Yesterday I had the privilege of attending an all-day conference on gender, race and the media hosted by the NYC chapter of Women, Action & the Media (or WAM! as we like to call it). It was really incredible to be surrounded by so many talented and inspiring women (and a couple of men) all day and to hear from people like Lizz Winstead (co-creator of The Daily Show and Ladyparts Justice) and Alicia Garza (co-creator of the #BlackLivesMatter movement) as well as many journalists who shared their experiences and advice.
Being the social media savvy women that we are, of course we had a hashtag for the event: #WAMNYC (or #WAMnyc). Pretty innocuous, and something you probably wouldn't even recognize as having anything to do with women unless you were familiar with WAM!, right? Well probably, unless you're a member of a certain group of men who spends a beautiful Saturday cyber-stalking women in the media with the aim of harassing them. These men are called "trolls," and while the previous sentence may sound dramatic or paranoid to you if you have not spent much time a A Woman On The Internet, it is all too true.
And yesterday was no exception! One special guy, who spends an inordinate amount of time trolling people form someone who calls himself a journalist, somehow got wind of the fact that about 100 women had gathered in a building on the campus of Barnard College, and even with no knowledge of what we were actually doing there, he decided it was unacceptable. I considered posting screen caps of some of his tweets here, but if you need proof you can find him on Twitter yourself - I'd rather not give him more air time. But he has almost 90,000 followers, and many of them are also trolls, some more willing to "disagree" by using rape and death threats than others. And that's what they did, all day, as we tweeted quotes and comments and things we learned from the panels and keynotes. Our content was mostly about the best, most ethical way to report on gender and race, the history and creation of the #BlackLivesMatter movement, jokes and inspiring comments from Lizz Winstead and quips about the bagels and cold temperature at the venue. But that's not allowed, according to some men. Their content was mostly things like #spankafeminist and memes showing grotesque cartoon women crying about being "disagreed with."
The reason I bring this up at all: We were a small group of women, a few with some level of power by virtue of being editors or producers or New York Times journalists, but most of us were reporters and bloggers and writers of all stripes looking for inspiration and fellowship, not trying to start a war. Just trying to carve out a place where our voices were valued, where we didn't have to compete with the noise that bombards us all every day, where we could talk frankly with each other about our passions and concerns.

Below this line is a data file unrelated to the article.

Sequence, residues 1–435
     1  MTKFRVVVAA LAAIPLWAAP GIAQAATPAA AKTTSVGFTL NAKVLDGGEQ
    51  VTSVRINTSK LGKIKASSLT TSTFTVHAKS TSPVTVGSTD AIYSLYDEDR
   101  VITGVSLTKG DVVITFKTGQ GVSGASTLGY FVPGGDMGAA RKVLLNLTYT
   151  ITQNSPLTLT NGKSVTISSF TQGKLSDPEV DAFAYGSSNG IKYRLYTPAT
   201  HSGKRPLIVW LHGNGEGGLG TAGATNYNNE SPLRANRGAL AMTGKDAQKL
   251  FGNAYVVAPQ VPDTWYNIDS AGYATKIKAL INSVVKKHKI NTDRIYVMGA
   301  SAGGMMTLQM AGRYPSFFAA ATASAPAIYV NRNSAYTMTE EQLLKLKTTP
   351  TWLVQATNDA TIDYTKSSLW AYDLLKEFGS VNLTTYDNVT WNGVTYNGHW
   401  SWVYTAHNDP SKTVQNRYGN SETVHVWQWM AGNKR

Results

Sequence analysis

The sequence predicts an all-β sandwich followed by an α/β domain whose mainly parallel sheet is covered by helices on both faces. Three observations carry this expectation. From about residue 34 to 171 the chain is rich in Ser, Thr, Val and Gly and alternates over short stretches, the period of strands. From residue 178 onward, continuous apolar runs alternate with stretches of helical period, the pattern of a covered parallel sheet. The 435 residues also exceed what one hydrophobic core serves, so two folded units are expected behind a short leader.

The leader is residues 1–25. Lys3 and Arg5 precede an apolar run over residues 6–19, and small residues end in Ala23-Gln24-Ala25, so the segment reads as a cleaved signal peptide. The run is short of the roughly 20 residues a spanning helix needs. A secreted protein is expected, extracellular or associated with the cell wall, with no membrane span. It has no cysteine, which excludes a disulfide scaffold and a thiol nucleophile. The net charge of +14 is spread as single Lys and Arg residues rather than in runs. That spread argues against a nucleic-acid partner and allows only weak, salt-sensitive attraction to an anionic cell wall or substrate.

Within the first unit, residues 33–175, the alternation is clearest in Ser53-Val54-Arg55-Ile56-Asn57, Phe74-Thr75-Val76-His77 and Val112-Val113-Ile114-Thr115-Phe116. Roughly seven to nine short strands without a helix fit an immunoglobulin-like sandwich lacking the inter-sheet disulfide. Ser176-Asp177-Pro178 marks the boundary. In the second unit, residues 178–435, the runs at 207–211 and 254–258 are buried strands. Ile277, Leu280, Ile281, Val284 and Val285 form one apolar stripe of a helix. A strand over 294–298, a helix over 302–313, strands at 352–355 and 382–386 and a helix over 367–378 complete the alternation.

That's threatening to some people, I know. Trolling isn't a new concept to me. I've written about it before. But many people don't know the reality of this, and it was the first time I got to see the genesis of a trolling attack in real time. I had long suspected that many of these men (and they are mostly men, though not all) simply noticed that women were talking and took issue with that, regardless of whether they actually read or understood what these women were saying. That was so blatantly obvious in this case that it amazed me; McCain and a few others had literally no idea what WAM stood for (though they had guesses - "Women Against Men???") and yet they identified it as a threat and called out their dogs, who just want blood, regardless of the fabricated reason.
My point is, it doesn't matter how many of us there are, or what we say or mean. It's just the fact that we're there, especially when we're tethered to each other by an idea or movement via hashtag, that is deemed worth punishing. They are so afraid of women - especially women who call themselves feminists - that whatever we are saying or doing, it must be stopped, so they smear us and lie about us so others will be afraid too.
Luckily, the "top" tweets on the hashtag are mostly from actual participants in the conference and they are witty, insightful, poignant, and true. This time we weren't silenced. I highly recommend searching the tag on Twitter to read some of the great things that came out of the day. I personally feel very moved and inspired. I got MUCH more out of this conference than annoyance at trolls, but it seemed worth mentioning here, for those who aren't aware of just how often this happens. And this was really nothing compared to what trolls are capable of.
But it's also a reminder that if my mere existence as a Woman With An Opinion Online is so threatening, maybe I can use this power I didn't even know I had to do something good.